funds, thereby giving it the ok. there are people that make that argument. how would you respond? again, it is not a belligerent question. the heart of the matter, there are two ways you can initiate war. you initiate through authorization and through funding. you can discontinue funding, that is one way of ending it. to and something that was never initiated. we have award never initiated by congress. i would argue that practically it is difficult to stop funding because the argument would be, like they say, i have active members of my family, do i want to stop funding them in the middle of their battle? it is much more difficult that way. intended tote was be at the beginning before we start funding a war. even in vietnam, the most acrimonious our country has been in terms of war other than the i think of the very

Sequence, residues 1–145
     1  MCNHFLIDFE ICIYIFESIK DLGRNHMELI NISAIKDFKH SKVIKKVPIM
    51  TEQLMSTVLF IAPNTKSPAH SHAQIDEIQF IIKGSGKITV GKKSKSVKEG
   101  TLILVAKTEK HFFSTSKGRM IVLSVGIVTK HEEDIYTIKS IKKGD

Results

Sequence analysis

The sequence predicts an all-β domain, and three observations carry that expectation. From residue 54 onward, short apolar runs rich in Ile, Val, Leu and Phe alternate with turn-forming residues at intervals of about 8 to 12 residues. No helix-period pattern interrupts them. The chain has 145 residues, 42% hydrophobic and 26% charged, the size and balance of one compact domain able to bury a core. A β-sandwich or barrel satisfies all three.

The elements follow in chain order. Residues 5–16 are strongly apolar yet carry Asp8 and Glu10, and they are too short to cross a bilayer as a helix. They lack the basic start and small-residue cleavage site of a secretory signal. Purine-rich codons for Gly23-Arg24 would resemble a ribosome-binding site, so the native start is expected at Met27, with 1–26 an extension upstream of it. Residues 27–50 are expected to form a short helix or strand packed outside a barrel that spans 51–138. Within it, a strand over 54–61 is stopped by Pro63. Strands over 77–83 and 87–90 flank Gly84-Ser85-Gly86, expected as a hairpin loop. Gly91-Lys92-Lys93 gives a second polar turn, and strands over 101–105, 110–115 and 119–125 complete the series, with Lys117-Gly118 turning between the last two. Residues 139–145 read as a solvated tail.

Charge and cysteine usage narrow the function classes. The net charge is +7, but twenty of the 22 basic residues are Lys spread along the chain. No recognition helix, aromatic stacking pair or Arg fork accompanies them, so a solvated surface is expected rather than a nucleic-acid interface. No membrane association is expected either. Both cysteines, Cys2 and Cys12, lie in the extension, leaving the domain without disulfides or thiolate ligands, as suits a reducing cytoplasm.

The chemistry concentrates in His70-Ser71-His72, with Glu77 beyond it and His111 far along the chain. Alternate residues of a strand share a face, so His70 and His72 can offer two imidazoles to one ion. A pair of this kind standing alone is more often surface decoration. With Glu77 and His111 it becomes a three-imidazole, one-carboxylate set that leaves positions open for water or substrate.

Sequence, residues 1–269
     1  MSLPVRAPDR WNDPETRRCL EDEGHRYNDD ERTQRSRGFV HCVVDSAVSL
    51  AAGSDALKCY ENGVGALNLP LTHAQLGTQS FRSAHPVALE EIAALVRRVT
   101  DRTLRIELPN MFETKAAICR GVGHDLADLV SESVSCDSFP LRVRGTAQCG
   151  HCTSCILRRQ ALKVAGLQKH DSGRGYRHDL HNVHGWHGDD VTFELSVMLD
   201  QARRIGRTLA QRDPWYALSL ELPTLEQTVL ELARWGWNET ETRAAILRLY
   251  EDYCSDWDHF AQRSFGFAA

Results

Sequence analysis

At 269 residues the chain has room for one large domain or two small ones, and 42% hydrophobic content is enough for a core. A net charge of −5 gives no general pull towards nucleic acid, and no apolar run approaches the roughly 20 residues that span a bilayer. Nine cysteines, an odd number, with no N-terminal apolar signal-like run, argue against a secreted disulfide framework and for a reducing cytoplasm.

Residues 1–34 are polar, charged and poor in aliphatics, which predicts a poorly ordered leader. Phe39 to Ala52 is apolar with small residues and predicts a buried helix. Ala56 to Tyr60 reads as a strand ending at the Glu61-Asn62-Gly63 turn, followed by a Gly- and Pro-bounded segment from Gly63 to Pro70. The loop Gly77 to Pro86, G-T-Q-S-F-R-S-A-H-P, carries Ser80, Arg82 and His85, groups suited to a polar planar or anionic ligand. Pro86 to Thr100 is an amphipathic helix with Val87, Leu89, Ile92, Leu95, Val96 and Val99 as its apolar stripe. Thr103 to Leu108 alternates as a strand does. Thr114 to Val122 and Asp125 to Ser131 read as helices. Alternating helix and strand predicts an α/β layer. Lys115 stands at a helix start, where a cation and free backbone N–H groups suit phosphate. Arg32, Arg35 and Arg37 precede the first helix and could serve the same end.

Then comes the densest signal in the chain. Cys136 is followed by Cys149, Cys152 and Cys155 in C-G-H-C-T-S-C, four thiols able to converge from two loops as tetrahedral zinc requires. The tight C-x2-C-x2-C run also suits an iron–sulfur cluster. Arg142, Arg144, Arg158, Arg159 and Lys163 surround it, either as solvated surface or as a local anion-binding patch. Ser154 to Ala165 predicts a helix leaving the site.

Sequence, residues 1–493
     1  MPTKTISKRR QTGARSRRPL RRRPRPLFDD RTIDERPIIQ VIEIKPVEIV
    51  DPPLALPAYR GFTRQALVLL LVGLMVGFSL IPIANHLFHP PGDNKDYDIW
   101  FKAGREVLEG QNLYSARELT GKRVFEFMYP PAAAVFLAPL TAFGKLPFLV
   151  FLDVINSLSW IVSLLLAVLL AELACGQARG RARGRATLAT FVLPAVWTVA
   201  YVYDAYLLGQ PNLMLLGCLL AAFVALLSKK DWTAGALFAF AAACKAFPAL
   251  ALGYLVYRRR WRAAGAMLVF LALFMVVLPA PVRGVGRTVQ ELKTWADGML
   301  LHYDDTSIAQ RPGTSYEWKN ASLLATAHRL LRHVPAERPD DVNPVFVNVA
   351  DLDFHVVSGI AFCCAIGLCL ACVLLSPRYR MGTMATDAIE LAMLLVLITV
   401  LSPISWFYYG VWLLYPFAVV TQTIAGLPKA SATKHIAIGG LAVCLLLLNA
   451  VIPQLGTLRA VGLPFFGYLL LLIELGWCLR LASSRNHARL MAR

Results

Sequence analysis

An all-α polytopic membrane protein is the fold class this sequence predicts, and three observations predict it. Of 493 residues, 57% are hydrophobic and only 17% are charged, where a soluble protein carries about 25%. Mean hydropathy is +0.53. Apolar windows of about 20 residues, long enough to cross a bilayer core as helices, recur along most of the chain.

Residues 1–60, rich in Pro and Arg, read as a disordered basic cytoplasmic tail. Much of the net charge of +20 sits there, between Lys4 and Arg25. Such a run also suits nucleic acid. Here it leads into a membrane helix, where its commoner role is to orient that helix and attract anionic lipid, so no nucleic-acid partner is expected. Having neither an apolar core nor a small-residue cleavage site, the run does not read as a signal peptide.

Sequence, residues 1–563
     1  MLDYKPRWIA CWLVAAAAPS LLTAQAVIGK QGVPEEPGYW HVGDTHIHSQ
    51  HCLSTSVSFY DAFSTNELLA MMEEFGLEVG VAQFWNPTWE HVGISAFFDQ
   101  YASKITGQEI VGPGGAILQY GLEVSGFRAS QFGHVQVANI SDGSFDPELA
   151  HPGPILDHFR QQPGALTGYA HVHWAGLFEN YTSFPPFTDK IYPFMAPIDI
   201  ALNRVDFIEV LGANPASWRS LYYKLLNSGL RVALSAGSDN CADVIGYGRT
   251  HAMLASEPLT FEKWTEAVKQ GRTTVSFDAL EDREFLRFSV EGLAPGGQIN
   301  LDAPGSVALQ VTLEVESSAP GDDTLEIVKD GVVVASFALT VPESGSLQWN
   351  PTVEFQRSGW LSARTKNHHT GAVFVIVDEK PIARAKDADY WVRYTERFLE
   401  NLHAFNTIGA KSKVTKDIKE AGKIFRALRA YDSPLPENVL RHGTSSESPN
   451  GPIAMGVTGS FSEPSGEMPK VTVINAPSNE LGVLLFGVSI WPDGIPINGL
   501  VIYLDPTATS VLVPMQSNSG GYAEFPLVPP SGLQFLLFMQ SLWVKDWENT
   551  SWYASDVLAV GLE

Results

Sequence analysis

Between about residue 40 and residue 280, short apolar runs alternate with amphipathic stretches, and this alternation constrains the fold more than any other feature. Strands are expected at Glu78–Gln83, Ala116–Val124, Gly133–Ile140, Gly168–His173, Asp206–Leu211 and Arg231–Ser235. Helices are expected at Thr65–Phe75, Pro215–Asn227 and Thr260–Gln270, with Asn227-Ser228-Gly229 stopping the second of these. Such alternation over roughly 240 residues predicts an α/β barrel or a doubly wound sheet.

end we still did not defund it. we never voted to defund even a very unpopular war. for practical and constitutional purposes i would say our job is before we get to the funding part. to all my colleagues, i appreciate the chair and ranking doing this hearing. i have enjoyed working with senator flake, senator young. this is in the session. i represent the state most collected to the u.s. military. marinea child who was a infantry officer, it is an obsession of mine. this is about lessons learned. i will talk about what this bill means. lessons learned after 16 years, if we cannot learn from things after 16 years of war, shame on us. we are to be up to learn some things. this is the third aumf i have introduced.